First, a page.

Scaling Simple Queries with MariaDB Xpand
This page is part of MariaDB's MariaDB Documentation.
The parent of this page is: Parallel Query Evaluation for MariaDB Xpand
Topics on this page:
Xpand uses concurrent parallelism and massively parallel processing (MPP) strategies to scale simple queries:
Xpand uses concurrent parallelism to execute the same fragment of a query on different slices in parallel. A different node or CPU core operates on each slice.
Xpand uses massively parallel processing (MPP) strategies to coordinate query execution and minimize data transmission between nodes.
Simple queries include the following:
Xpand evaluates simple queries on a single CPU core on a single node at a time. However, different CPU cores or different nodes can evaluate different simple queries concurrently. As more nodes are added to Xpand, more CPU cores and more memory are available to evaluate simple queries concurrently.
When more nodes are added, Xpand's network overhead does not increase for simple queries:
A simple read-only query will always read the slice from the ranking replica. Every simple read-only query requires 0 or 1 hop.
A simple write query will always update every replica of the slice. Every simple write query requires a maximum number of hops equal to the number of replicas (by default, 2) plus 1.
Due to the sophisticated design, Xpand has tendency to scale linearly for simple queries as more nodes are added.
Information provided here applies to:
MariaDB Xpand 5.3
MariaDB Xpand 6.0
MariaDB Xpand 6.1
The following example tables will be used to show how Xpand evaluates queries in the following sections:
CREATE TABLE test.bundler ( id INT PRIMARY KEY AUTO_INCREMENT, name CHAR(60) DEFAULT NULL ); CREATE TABLE test.donation ( id INT PRIMARY KEY AUTO_INCREMENT, bundler_id INT, amount DOUBLE, KEY bundler_key (bundler_id, amount) );
Since the first table has a primary key and no secondary index, Xpand creates 1 representation. Since the second table has a primary key and a secondary index, Xpand creates 2 representations.
Scaling Simple Queries
Here, we define simple queries as point selects and inserts.
For example, consider the following
SELECT statement. Let's consider a simple read (a simple write follows the same path):
sql> SELECT id, amount FROM donation WHERE id = 15;
The data will be read from the ranking replica. This can either reside on the same node or require one hop. The diagram below shows both cases. As dataset size and the number of nodes increase, the number of hops that one query requires (0 or 1) does not change. This allows linear scalability of reads and writes. Also, if there are two or more replicas (which is normally the case) there will be at least one hop for writes (since both replicas cannot reside on the same node).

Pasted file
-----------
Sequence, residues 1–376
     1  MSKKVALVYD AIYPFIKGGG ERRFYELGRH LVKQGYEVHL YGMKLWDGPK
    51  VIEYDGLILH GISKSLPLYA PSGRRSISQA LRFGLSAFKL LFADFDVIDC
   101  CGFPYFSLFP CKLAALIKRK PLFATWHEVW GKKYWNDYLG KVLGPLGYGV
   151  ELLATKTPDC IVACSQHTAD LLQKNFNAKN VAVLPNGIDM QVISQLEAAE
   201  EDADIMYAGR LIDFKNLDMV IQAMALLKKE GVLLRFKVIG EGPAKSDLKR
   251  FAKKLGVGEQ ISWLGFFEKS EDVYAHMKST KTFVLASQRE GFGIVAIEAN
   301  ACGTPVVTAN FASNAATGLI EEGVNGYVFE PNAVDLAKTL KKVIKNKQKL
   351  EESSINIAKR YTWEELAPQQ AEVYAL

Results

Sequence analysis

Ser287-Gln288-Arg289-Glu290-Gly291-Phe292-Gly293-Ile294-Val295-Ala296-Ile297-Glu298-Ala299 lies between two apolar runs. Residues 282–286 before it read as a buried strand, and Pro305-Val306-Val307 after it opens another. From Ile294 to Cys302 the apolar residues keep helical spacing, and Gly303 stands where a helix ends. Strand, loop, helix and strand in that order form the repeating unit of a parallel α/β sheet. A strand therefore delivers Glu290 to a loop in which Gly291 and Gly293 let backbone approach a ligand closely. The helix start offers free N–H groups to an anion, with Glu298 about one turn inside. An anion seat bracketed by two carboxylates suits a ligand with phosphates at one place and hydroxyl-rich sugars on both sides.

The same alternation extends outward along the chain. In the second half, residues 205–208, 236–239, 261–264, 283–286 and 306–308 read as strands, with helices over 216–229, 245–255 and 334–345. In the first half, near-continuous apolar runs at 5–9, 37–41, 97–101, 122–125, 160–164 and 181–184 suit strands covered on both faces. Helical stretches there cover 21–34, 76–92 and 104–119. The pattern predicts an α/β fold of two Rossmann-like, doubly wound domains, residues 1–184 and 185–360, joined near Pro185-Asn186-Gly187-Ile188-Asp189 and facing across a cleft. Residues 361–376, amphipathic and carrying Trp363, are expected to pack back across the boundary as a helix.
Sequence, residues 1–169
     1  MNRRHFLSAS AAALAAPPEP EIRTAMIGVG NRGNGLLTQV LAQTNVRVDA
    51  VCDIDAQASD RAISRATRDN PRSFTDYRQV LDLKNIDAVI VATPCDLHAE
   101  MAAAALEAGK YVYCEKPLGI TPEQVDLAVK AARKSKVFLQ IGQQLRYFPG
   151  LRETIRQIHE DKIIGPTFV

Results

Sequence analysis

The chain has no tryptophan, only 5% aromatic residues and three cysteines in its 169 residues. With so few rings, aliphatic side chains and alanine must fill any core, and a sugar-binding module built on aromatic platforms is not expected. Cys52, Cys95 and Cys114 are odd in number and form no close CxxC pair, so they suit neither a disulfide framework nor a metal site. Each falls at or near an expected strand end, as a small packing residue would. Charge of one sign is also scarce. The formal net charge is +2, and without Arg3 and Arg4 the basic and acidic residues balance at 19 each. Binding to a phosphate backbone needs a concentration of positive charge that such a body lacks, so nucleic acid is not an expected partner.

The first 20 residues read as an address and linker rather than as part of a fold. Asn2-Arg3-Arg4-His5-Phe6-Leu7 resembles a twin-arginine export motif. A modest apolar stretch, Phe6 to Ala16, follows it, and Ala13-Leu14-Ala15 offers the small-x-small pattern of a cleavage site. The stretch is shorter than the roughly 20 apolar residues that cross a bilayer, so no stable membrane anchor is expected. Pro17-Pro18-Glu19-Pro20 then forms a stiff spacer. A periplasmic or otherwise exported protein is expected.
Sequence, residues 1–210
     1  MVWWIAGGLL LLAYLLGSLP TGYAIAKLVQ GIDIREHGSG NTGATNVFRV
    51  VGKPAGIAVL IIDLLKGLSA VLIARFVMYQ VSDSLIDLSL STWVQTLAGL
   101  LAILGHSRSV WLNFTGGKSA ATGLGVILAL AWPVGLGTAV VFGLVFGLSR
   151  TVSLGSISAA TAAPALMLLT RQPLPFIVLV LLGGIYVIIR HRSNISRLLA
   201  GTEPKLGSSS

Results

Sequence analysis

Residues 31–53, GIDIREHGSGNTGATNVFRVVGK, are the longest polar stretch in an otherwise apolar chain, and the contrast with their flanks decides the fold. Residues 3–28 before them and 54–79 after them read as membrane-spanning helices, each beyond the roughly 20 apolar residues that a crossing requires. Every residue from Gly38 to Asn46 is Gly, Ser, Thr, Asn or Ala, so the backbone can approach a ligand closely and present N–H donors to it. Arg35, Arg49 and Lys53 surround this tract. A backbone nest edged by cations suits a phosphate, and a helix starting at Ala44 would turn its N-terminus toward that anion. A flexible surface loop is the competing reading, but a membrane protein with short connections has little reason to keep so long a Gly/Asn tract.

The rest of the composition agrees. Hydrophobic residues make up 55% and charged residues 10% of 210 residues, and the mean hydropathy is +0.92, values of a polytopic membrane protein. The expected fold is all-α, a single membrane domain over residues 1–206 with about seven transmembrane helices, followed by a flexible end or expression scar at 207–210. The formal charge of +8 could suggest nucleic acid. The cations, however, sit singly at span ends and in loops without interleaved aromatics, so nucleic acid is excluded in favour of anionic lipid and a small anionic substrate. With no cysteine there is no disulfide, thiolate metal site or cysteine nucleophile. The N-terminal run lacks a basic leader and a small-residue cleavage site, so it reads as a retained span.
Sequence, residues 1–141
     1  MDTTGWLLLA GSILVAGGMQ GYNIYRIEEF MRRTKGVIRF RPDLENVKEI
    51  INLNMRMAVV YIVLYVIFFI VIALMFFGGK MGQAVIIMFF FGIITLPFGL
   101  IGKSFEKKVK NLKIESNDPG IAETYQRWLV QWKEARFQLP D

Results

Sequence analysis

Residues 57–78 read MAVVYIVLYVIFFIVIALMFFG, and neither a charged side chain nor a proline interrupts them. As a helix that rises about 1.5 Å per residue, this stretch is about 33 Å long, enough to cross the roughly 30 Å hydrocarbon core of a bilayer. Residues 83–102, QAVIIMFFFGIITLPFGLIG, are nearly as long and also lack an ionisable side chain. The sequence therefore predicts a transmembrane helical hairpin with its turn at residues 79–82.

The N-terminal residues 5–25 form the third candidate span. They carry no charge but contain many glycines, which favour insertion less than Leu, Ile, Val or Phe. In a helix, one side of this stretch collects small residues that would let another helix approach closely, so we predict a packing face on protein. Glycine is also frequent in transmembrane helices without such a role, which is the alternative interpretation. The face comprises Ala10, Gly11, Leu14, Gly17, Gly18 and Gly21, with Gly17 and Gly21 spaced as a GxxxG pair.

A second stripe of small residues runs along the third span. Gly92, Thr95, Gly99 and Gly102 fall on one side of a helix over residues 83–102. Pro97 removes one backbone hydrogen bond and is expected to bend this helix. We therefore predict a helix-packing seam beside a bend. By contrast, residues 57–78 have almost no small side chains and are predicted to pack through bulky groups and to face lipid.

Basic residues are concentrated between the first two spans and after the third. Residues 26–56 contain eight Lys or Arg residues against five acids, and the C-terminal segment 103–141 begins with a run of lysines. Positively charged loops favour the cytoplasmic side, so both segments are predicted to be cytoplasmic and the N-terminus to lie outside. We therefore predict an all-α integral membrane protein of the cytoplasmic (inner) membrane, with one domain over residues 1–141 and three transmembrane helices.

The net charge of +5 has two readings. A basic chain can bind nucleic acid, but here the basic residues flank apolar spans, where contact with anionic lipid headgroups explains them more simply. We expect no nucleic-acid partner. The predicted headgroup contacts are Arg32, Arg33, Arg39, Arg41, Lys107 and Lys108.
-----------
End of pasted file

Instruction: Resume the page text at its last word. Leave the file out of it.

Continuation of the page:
Query Compilation to Fragments
Now, let's dig a little bit deeper to understand how query fragmentation works. Queries are broken down during compilation into fragments that are analogous to a collection of functions. For additional information, please see "Query Optimizer for MariaDB Xpand". Here we'll focus on the logical model. Below, you can see the simple query compiled into two functions. The first function looks up where the value resides and the second function reads the correct value from the container on that node and slice and returns it to the user (the details of concurrency etc. have been left out for clarity).
At a high level, Xpand evaluates the simple query in the following way:
A node receives the query.
The optimizer compiles a query plan comprised of fragments.
The first fragment determines the node that owns the ranking replica for the slice that contains the relevant row (
The second fragment reads the row from the ranking replica of the slice.
If the original node owns the ranking replica, it reads the row from the slice.
If another node owns the ranking replica, the original node forwards the request to the other node. The other node reads the row from the slice and then returns the row to the original node.
The original node returns the results.
The following graphic shows how the data flows: